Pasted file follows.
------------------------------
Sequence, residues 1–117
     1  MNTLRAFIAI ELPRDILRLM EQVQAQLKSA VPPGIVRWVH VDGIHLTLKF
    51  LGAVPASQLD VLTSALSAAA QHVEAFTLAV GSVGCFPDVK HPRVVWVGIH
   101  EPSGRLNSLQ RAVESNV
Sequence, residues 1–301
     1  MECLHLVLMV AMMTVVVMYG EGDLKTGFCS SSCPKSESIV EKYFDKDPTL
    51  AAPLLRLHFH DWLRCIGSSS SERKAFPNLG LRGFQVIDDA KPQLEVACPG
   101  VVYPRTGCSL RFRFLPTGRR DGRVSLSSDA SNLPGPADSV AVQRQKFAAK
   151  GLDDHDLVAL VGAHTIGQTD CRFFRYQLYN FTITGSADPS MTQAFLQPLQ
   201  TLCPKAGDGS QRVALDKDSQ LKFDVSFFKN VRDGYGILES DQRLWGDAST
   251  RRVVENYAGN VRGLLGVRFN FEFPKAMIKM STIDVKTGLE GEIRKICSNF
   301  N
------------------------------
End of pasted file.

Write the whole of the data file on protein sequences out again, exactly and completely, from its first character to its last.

Sequence, residues 1–117
     1  MNTLRAFIAI ELPRDILRLM EQVQAQLKSA VPPGIVRWVH VDGIHLTLKF
    51  LGAVPASQLD VLTSALSAAA QHVEAFTLAV GSVGCFPDVK HPRVVWVGIH
   101  EPSGRLNSLQ RAVESNV
Sequence, residues 1–301
     1  MECLHLVLMV AMMTVVVMYG EGDLKTGFCS SSCPKSESIV EKYFDKDPTL
    51  AAPLLRLHFH DWLRCIGSSS SERKAFPNLG LRGFQVIDDA KPQLEVACPG
   101  VVYPRTGCSL RFRFLPTGRR DGRVSLSSDA SNLPGPADSV AVQRQKFAAK
   151  GLDDHDLVAL VGAHTIGQTD CRFFRYQLYN FTITGSADPS MTQAFLQPLQ
   201  TLCPKAGDGS QRVALDKDSQ LKFDVSFFKN VRDGYGILES DQRLWGDAST
   251  RRVVENYAGN VRGLLGVRFN FEFPKAMIKM STIDVKTGLE GEIRKICSNF
   301  N